When I tell my fellow USC students that I’m the president of an organization called SFISA, it’s usually safe to assume that 90% of them have no idea what it is.
It’s not the most elegant of acronyms and we acknowledge this. Our club’s full name – the Shoah Foundation Institute Student Association – is equally as unwieldy but at least it’s descriptive, and that’s something, right?
But even if they’ve heard of our less than stellar name, they still might not know who we are or what we do. So let me take this moment to enlighten you.
SFISA is a group of students who are connected to the USC Shoah Foundation in some way and are passionate about furthering the Institute’s mission on campus. It was founded two years ago by USC Shoah Foundation intern Orli Robin, with Dan Leshem, USC Shoah Foundation associate director of research, serving as the faculty advisor and spiritual adviser.
The original idea behind the club was to find better ways of connecting the Institute to the student body. It is unfortunate how few USC students are aware that they have the incredible resources of the Visual History Archive at their fingertips or even that the USC Shoah Foundation exists. The creation of SFISA was an attempt to remedy this regrettable reality.
This year, SFISA’s founding leadership was ready to pass the torch and several of my colleagues and I stepped in to take the reins. We were ripe for recruitment, having recently returned from the USC Dornsife’s summer program Problems Without Passports trip to Rwanda.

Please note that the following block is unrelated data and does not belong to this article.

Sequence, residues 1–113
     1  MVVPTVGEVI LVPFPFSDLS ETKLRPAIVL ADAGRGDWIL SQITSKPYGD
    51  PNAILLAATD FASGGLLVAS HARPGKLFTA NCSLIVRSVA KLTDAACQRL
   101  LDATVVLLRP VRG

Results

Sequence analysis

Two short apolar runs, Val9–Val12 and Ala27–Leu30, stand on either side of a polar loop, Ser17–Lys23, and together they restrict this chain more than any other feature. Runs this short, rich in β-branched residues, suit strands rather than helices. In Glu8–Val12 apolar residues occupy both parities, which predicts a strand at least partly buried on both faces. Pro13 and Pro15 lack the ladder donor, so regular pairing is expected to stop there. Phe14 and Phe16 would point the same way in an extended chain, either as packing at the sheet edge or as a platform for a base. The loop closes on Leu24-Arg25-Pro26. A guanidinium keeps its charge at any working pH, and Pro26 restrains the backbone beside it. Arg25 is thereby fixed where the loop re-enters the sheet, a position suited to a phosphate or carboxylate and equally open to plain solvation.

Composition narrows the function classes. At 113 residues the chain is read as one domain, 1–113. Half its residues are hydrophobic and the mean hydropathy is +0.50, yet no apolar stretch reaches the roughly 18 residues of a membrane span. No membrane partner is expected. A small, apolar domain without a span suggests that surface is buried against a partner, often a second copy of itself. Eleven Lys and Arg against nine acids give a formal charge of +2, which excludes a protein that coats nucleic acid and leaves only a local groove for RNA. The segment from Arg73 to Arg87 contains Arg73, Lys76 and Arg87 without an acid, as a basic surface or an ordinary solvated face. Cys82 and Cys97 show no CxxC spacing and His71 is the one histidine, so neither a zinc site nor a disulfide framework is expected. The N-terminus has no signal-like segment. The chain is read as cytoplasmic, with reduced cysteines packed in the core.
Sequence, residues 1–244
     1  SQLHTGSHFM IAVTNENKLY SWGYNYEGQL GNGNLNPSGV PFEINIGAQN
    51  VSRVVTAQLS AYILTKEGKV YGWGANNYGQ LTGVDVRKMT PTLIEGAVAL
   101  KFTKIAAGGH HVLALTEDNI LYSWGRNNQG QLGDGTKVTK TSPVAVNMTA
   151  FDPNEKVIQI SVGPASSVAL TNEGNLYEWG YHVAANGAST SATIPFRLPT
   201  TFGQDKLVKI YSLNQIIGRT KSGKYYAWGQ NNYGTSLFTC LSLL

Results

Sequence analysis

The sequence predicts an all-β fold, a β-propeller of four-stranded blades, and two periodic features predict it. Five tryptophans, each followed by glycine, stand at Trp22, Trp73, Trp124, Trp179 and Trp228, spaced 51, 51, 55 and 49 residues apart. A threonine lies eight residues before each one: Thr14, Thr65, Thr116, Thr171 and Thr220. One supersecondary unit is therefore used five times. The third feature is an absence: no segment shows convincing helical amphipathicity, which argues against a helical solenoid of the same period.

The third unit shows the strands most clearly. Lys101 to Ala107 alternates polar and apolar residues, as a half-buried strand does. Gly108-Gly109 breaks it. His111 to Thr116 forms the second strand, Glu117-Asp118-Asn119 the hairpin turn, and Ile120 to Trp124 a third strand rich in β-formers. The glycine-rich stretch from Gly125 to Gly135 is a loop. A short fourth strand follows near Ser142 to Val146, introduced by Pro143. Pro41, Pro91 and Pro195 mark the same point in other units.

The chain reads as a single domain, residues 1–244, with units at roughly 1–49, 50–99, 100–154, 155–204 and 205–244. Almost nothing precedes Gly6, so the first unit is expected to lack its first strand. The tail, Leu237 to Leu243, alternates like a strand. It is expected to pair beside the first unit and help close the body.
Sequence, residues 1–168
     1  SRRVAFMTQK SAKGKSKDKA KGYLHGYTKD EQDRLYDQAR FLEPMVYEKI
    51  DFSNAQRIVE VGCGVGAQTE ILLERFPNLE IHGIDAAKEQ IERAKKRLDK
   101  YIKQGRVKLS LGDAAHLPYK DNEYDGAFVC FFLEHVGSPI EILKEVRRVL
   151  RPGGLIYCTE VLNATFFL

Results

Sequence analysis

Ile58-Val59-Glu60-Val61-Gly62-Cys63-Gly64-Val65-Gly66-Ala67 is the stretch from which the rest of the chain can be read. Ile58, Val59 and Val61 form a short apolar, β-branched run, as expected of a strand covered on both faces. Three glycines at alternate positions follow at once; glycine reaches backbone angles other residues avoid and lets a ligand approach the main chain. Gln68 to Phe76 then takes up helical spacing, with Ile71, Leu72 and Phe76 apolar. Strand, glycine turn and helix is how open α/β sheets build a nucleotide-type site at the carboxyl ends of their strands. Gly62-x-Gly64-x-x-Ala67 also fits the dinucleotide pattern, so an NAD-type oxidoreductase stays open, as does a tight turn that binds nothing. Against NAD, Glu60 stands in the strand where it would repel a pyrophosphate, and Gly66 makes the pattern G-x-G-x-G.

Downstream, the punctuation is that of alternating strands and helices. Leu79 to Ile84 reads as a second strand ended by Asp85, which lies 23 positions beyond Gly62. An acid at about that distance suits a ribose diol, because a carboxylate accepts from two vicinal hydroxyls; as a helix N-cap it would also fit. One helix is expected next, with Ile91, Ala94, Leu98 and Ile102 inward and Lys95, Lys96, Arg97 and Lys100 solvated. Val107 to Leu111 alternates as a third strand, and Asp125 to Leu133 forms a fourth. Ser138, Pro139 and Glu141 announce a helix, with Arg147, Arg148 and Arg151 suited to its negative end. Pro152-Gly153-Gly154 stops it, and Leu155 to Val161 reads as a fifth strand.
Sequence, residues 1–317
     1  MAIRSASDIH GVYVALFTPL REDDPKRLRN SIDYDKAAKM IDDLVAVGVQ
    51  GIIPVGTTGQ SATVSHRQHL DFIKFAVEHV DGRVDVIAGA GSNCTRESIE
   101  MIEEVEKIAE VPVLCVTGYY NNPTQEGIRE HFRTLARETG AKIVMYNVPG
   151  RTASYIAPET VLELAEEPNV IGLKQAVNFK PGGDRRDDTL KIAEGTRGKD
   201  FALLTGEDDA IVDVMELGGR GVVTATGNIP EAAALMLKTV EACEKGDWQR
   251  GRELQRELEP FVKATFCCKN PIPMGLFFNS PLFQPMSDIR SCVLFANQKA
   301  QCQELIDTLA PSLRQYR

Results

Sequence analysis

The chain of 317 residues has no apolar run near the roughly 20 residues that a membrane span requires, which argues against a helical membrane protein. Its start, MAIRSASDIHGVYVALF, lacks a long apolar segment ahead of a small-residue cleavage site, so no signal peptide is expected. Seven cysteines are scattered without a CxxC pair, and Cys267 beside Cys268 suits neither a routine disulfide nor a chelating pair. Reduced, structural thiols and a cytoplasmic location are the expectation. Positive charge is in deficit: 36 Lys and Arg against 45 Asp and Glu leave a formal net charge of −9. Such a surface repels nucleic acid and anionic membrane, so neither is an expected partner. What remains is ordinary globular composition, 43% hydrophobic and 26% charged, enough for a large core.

After spending two weeks in Rwanda studying post-genocide reconstruction and meeting some of the strongest and inspiring individuals I have ever had the privilege of knowing, I found myself wanting to turn those indescribable experiences into something concrete.
I didn’t want to come home, move on and eventually forget. Rwanda inspired me and I wanted to take that inspiration and do something for Rwanda in return.
So as the new, entirely inexperienced leaders of a fledgling club with a nebulous mission statement we decided to use SFISA to focus on an issue we were already passionate about.
April 2014 will mark the 20th anniversary of the Rwandan genocide. We felt that if we could create something on our campus to commemorate the victims and honor the survivors of this tragedy - something to get USC students thinking about Rwanda, genocide and the world’s ongoing human rights crises.
We have begun creating plans for a series of Rwandan genocide commemoration events to take place in April on the USC campus. We reached out to potential allies and were delighted to discover that we were far from the only students on campus who are concerned about these issues. Other student groups were already planning their own genocide awareness events in April. We decided that the best way to reach the greatest number of students with our shared message was to combine forces.
From there, our humble plans for a week of Rwandan genocide commemoration events turned into a full-fledged Genocide Awareness Month. Our Rwanda-centric events will now be part of a varied slate of events spread throughout the month of April, with at least half a dozen student organizations participating.
So at the end of next semester, many students may still not know the name SFISA. But it is my hope that they will have heard of Genocide Awareness Month. If our efforts to inspire students to give even five minutes of their time to thinking about countries like Rwanda, whose plight may seem distant but whose suffering is our own, I will consider that a success.